It would seem that there has been a baby show, the biggest baby show ever, in London's Olympia this week. At one time a baby show was a bit like a beauty competition for babies, a "bonny baby" competition, where judges decided which baby was the best looking. Someone has probably decided that such a thing is no longer politically correct and I must say I agree. Everyone's baby is the most beautiful in the world. That's a foregone conclusion.
No, this was an event to show off all the wonderful equipment you can buy now to make you into better parents. From such things as a baby buggy that converts into a high chair at the press of a button to romper suits that have magnets for fasteners instead of buttons or poppers. It did not say whether the former cleaned itself up after the baby had finished spreading food over it. And the justification for the latter was that it can take up to a minute, yes, a whole minute, to fasten a baby's romper suit and this is a minute you can use for cuddles instead!
Unless, of course, you are so busy on your mobile phone that you have no time for cuddles. I mention this because there is a Bluetooth wristband (a positive bargain at £44.95) which lets you know if your toddler has wandered off beyond a pre-set distance. Here is what I read about it:
" "When parents today are out with their kids, they've got their phones going, they're answering texts and checking Facebook -and if the little one darts off, there's this heart-wrenching moment of panic," said Mark Phillips, father of two and the inventor of My Buddy Tag, a wristband that allows you to track your child's movements on a Smartphone app."
Or, of course, I find myself thinking, you could just put your phone away and interact, a fancy word for talk and play, with your child instead.
There's a whole lot more stuff that modern parents seem to need. It's amazing. I really do not know how we managed to raise two children. No wonder they say having children is a very expensive business!
Another aspect of childrearing in the news has once again been the question of letting children play out. Research tells us that children who are driven everywhere and not allowed to roam freely, occasionally getting into difficulty climbing trees and so on, are less likely to grow up to be self sufficient young adults. Apparently this is one explanation for so many young adults still living at home with their parents. And there I was, believing it was something to do with the economic situation, unemployment and the lack of affordable housing!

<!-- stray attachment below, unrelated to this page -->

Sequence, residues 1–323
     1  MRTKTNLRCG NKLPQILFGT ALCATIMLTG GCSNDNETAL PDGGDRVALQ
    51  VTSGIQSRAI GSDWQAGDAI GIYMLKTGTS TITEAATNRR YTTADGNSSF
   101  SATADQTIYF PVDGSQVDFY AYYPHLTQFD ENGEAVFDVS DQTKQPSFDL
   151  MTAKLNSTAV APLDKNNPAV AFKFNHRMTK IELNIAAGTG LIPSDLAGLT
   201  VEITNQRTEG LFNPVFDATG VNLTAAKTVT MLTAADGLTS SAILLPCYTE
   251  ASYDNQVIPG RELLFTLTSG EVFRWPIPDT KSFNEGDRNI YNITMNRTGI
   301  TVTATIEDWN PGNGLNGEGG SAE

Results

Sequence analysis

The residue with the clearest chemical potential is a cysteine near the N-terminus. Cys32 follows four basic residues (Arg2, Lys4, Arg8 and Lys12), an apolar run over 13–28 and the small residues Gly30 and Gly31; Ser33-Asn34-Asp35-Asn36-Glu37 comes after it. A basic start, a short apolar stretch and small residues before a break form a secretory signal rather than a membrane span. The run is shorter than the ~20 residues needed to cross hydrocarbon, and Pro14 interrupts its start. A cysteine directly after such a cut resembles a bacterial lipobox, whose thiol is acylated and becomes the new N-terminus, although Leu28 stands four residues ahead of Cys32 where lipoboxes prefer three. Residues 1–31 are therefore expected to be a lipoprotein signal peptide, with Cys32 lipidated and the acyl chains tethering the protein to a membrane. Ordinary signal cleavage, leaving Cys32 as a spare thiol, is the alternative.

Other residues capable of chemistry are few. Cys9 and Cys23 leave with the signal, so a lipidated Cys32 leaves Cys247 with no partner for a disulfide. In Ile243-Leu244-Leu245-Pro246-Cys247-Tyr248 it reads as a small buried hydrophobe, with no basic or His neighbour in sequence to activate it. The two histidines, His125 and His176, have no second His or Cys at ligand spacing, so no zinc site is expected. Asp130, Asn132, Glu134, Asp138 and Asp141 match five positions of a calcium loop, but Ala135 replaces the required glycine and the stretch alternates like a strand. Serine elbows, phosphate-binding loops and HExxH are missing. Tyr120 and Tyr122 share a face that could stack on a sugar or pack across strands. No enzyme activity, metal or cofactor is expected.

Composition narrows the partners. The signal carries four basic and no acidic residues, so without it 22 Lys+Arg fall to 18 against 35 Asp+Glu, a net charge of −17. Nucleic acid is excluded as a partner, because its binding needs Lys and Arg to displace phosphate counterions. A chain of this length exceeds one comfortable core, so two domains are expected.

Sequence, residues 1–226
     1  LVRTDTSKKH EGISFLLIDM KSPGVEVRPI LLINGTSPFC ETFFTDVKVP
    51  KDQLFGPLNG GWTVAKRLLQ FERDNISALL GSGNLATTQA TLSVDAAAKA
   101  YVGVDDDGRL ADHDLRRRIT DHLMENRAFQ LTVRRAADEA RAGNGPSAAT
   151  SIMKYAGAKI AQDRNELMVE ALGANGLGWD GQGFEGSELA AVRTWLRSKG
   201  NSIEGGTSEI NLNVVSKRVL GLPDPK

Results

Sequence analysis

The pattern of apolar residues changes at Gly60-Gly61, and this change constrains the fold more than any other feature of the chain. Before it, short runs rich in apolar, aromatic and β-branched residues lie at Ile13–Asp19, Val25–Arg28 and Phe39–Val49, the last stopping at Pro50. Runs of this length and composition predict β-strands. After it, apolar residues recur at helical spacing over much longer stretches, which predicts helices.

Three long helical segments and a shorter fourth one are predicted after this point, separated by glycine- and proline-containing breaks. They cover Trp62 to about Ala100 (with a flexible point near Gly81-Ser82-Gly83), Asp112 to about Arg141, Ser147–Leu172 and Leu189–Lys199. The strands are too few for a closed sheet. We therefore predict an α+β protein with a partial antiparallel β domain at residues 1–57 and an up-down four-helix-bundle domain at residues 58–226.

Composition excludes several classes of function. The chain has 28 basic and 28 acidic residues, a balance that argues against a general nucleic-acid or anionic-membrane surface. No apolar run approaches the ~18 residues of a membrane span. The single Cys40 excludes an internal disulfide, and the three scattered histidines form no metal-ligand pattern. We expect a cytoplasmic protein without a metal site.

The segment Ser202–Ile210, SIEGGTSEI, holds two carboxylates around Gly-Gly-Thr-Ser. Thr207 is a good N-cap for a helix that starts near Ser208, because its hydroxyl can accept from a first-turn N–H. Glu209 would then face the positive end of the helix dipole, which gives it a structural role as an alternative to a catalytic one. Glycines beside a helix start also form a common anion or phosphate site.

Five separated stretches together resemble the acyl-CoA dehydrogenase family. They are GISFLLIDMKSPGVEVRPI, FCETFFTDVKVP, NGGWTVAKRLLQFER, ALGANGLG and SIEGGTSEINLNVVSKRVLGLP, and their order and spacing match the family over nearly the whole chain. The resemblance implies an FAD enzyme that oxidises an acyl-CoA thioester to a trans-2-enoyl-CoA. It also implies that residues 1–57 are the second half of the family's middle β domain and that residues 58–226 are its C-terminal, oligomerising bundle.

Having said that, I am cautiously on the side of those who say that children need to be encouraged to be independent. Yes, children should walk to school and even do so on their own if that is possible. But there are limits. Nostalgia is a fine thing but it sometimes makes people forget that when they walked to school unaccompanied back in the 1950s and 1960s, there were far fewer cars on the road and it actually was less dangerous!
The grammar police came out in me today. In the Sunday paper there is a feature where a well known person writes about books, films, art exhibitions, restaurants and such like that have impressed him or her over the last week. Today it was the turn of a writer of books for children. I found myself squirming when he talked about a film he and his wife had seen and not been terribly impressed with, only to find that they could not stop thinking about it. "Me and Emms were texting each other for days afterwards ... " he wrote. "Me and Emms" did a number of other things as well.
Now, I know lots of people speak this way all the time but it grates on me. There's a bit of me that believes that those who do this consider themselves to be more important and are giving themselves centre stage all the time. If you say "Emms and I did this and that", you give Emms pride of place and put yourself humbly after her. (I might even accept "Emms and me did this and that", but only with great reluctance.)
That's my take on it anyway and I really think that someone who has written very successful books for children, formative books for children, should know better.